Orender credits the competitive balance to GMs who are able to establish a vision for how they want to play and are able to reach into a deep talent pool to assemble their rosters.

The consolidation of talent seen this year as 39 roster spots were eliminated with the the loss of the Houston franchise and the reduction in roster spots might be reversed next season. A group of investors in Tulsa, Oklahoma is trying to put together a team in time for the 2010 season. Orender will be in Tulsa next week but still calls it an open question if there will be a team there next season.

From what I've seen, the long term prospects of the league are solid. The quality of play is growing and new technology is expanding the reach and relationship with fans.

It is also important to remember that league is only in its 13th season. I was 11 years old when the Suns were in their 13th season (1981) and despite being the only professional sports team in town, they were by no means as fully ingrained in the community as they are now.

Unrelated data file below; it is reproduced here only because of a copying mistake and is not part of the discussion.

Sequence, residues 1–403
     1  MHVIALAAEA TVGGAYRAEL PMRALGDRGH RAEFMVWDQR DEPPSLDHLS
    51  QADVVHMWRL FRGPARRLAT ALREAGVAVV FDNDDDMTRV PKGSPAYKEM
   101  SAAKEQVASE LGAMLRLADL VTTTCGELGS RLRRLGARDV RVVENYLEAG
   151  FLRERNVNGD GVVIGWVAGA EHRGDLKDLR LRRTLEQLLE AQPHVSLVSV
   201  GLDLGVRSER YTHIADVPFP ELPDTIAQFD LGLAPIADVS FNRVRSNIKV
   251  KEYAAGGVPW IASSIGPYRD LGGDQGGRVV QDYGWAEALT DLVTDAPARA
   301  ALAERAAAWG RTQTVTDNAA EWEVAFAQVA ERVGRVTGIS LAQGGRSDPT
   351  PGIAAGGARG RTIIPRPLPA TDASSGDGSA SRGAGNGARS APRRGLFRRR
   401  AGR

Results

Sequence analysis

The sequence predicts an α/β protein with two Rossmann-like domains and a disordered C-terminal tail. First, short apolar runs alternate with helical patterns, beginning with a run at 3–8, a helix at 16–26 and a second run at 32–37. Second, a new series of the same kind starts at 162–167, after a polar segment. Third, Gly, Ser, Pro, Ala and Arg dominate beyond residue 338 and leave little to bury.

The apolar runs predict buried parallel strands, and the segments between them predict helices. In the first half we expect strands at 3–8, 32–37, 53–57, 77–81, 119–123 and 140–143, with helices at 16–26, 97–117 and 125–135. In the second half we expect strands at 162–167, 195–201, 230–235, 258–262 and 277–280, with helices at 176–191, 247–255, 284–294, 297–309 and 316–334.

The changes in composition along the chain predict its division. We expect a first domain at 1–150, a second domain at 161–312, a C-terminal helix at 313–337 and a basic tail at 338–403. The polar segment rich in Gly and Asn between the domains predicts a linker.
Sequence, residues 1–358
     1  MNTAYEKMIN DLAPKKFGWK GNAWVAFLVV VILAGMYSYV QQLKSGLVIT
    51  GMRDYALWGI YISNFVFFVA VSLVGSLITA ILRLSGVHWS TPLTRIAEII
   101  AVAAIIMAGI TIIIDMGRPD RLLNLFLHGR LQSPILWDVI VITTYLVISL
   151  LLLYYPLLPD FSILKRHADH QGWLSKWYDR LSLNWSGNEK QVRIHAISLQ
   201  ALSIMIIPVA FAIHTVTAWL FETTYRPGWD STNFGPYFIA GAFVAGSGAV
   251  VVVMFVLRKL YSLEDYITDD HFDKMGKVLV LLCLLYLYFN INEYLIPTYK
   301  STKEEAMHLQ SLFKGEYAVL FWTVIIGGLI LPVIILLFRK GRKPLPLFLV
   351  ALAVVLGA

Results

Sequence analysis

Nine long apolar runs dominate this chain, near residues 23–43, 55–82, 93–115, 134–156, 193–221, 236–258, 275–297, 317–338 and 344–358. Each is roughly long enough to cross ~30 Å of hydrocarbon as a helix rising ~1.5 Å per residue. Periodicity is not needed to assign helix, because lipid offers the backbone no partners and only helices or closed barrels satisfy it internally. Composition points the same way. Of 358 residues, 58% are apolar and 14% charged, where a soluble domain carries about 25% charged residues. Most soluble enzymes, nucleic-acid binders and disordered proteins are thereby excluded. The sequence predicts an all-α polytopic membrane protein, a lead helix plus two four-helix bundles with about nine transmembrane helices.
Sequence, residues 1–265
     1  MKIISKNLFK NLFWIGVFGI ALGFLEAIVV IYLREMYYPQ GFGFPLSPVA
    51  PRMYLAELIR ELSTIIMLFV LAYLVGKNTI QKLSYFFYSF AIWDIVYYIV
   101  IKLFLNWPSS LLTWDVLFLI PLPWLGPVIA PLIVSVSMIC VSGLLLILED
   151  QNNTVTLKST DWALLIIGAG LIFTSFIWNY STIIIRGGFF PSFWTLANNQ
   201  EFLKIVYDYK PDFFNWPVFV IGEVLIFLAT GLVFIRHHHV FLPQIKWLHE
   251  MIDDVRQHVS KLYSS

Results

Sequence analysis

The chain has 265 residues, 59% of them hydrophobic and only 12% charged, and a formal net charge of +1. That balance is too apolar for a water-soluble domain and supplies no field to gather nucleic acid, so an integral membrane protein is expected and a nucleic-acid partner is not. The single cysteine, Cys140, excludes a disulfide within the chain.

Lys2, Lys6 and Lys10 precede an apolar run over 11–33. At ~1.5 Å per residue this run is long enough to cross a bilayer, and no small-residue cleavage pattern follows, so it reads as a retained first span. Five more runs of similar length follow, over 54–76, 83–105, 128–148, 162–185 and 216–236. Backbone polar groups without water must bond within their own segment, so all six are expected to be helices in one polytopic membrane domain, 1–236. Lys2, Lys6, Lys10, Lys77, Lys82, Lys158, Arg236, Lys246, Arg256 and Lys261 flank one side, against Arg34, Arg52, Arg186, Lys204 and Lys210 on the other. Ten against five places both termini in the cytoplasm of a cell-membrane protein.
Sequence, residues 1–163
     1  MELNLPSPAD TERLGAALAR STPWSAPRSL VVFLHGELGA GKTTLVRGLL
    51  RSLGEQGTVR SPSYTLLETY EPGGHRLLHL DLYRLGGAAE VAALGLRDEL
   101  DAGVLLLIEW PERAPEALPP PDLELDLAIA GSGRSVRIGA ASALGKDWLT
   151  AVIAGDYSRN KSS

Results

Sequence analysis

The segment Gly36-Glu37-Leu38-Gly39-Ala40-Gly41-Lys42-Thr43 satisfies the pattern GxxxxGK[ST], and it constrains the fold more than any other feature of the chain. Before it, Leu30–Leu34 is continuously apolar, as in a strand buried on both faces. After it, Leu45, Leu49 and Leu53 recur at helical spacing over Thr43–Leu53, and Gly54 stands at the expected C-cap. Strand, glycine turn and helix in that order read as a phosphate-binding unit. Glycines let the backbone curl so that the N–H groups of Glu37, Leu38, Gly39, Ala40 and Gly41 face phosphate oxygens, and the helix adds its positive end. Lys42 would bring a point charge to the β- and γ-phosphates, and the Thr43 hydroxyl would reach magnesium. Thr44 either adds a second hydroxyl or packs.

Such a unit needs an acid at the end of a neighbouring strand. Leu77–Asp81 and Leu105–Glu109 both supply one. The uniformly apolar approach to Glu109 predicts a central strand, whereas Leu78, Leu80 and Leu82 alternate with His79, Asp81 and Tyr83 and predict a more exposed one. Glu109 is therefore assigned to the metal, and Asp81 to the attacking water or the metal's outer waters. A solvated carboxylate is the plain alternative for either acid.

The Mercury and the WNBA in general face a much higher bar being compared to the global success of the NBA along with the expansion of other sports. In twenty years when my kids are taking their kids to a Mercury game then we can make a fair assessment of where this league should be in relation to where it is. In the meantime I've found a new way to spend my summers.